I Reckon It's a Rectangle!
Lesson 7 of 15
Objective: SWBAT identify and describe a rectangle by it's attributes.
Each day we begin our math block with an interactive online calendar followed by counting songs and videos.
We do calendar on Starfall every afternoon. This website has free reading and math resources for primary teachers. It also has a “more” option that requires paying a yearly fee. The calendar use is free. A detailed description of Daily Calendar math is included in the resources.
Counting with online sources: Today we did counting practice to reinforce the counting skills. We watched two to three number recognition 0-10 videos (one to two minutes each) because some of my students students were still struggling with identifying numbers correctly in random order. We watched "Shawn the Train" and counted objects with him to refresh our memories on how to count objects to ten and to reinforce one to one counting. Since we have started the second quarter of the school year, we added to today's counting practice: counting to 20 forward and back, counting by tens to 100 and counting to 100 by ones to get a jump on our end of the year goals.
I began the lesson by reviewing our shapes chart. We review the names and attributes of circles, squares, and triangles. Then we seize the moment and move on to creating our large rectangles poster.
Me (holding up a rectangle die cut): What do we call this shape?
Me: What KIND of shape is it?
Students: 2 dimensional flat plane! (see video for hand 2D hand signal).
Me: How do you know it's a 2 dimensional shape?
Student (I call on a random hand up): It's 2 dimensional because it's flat and can't move.
Me: Okay! It is a 2 dimensional flat plane and it is flat and can't move. (We discuss the real attributes of a 2 dimensional shape in a later lesson, -------- which compares 2D and 3D shapes).
Me: Well, what makes this shape a square? What can you tell me about this shape? (I draw the shape on the chart paper.
Students (names randomly picked one at a time from popsicle sticks in a jar) are provided with the sentence stem, "The rectangle has __________."
Student 1: The rectangle has four points.
Me: What are those points called? (If student is unable to answer, I ask another student to "help" him or her. (I circle the points on the square.)
Student: The points are called corners (some say vertex - either is accepted).
Me: What could make this shape a rectangle and not square? What else can you tell me about it?
Student 2: The square has four sides the same. (If the student doesn't use a complete sentence to answer, guide them into rephrasing their answer into a complete sentence using the sentence frame.)
Me: Awesome! A square has four sides all the same size. What does a rectangle have?
Student 3: Two long sides and two short sides
We then add the rectangle to our shapes chart and fill in the the attributes portion of All Shapes Poster. Next we take a few minutes to compare triangles, circles, squares, and rectangles by their attributes. I am looking to see if the students could describe each of the shapes.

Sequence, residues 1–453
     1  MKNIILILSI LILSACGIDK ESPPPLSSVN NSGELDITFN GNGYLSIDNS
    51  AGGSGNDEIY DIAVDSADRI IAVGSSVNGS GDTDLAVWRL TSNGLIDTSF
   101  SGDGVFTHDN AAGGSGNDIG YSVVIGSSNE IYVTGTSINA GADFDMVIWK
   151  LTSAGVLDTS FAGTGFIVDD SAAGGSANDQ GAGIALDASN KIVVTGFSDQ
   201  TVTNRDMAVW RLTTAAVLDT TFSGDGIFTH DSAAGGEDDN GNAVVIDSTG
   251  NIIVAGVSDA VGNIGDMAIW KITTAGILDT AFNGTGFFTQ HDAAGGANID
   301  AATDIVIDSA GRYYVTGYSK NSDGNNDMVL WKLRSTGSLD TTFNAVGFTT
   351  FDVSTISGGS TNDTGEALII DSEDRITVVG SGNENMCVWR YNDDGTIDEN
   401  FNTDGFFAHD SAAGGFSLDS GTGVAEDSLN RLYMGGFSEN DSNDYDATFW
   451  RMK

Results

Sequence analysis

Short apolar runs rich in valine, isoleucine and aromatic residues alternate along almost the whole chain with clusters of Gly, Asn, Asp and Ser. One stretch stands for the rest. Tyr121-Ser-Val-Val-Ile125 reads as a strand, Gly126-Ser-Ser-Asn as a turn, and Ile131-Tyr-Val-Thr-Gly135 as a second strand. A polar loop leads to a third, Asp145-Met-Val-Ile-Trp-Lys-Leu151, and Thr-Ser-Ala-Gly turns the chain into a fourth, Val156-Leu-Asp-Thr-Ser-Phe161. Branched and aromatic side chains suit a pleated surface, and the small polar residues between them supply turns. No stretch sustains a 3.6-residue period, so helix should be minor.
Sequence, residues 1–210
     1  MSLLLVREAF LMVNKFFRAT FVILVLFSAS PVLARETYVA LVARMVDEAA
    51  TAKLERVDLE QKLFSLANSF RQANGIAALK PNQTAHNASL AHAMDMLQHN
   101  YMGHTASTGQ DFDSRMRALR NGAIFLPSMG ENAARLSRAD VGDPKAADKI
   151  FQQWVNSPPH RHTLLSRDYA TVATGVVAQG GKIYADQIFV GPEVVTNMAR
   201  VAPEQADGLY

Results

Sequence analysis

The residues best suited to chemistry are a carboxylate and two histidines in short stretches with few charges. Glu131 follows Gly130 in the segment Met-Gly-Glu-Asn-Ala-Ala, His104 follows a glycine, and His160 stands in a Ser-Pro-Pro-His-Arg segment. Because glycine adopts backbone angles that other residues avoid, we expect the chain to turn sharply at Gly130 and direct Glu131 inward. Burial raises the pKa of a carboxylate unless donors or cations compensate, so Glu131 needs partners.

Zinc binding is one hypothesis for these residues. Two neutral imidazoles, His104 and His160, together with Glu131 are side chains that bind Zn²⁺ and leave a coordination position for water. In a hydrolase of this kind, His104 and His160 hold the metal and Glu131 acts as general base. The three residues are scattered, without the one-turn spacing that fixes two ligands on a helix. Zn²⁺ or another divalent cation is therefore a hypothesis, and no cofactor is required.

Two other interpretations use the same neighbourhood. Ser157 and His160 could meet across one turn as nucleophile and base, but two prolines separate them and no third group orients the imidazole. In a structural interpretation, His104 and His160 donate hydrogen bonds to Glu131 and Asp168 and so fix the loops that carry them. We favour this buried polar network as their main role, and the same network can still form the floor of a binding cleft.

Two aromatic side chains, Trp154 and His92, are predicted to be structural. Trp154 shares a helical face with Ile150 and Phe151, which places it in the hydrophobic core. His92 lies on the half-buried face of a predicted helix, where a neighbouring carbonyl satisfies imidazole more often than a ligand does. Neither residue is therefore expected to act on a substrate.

Management Tip: To call on students, I pull names on popsicle sticks that are housed in a plastic jar. This prevents me from sub-consciously choosing the same students repeatedly or calling on too many girls versus boys and vice versa.
I provide the students with plastic rectangle of different sizes (Magnatiles and Attribute Blocks from Lakeshore Learning). They trace the rectangles on blank copy paper to get a "feeling" for rectangles. I invite them to trace random rectangles, or use them to make a picture (for my higher-level learners).
I then have them circle the angles of the rectangles and number them. I have them number the sides of each rectangle. They also trace the long sides in red crayon and the short sides in blue. My higher level kids have the challenge of recognizing that when two rectangles are touching, they share a side.
We gather on the floor and share our square projects with our talking partners.
Classroom Management Tip: Think-Pair-Share is a great way to get all the kids talking about what they have learned. Once they have shared with their talking partners, they feel more comfortable sharing with the whole class. This is especially important for the second language learners. It allows them to reinforce their thinking as well as academic vocabulary development.
With this exit ticket I check to see if the kids can identify rectangles in the box at the bottom of the sheet. I have them do that section first. They can trace the additional rectangles on top if they finished coloring in the rectangles on the bottom. Note: If you do not want the kids to be able to refer to the rectangles on top while coloring in the rectangles in the space below, fold the pages in half before passing them out.
Once they complete the exit ticket, I separate them into two piles: Meets and Needs. My Meets pile is made up of the students who satisfactorily complete the exit ticket (one or none errors). My Needs pile is made up the students who still additional instruction or a small group experience.
We spend a few minutes discussing what we learned about rectangles.
One student shares that when she put two rectangles together they make a big square.
I have the students come up and share what they have created in their tracing pages and point out the rectangles and the big square.
These observations tell me that theses students may need additional extension activities as we investigate the rest of the shapes. I know from their work that they are advanced in geometric thinking compared to the rest of the class. Tangram pictures is a perfect extension activity. They will either play with real tangrams and a tangram picture book, or online at Tangram Puzzles for Kids by ABCya!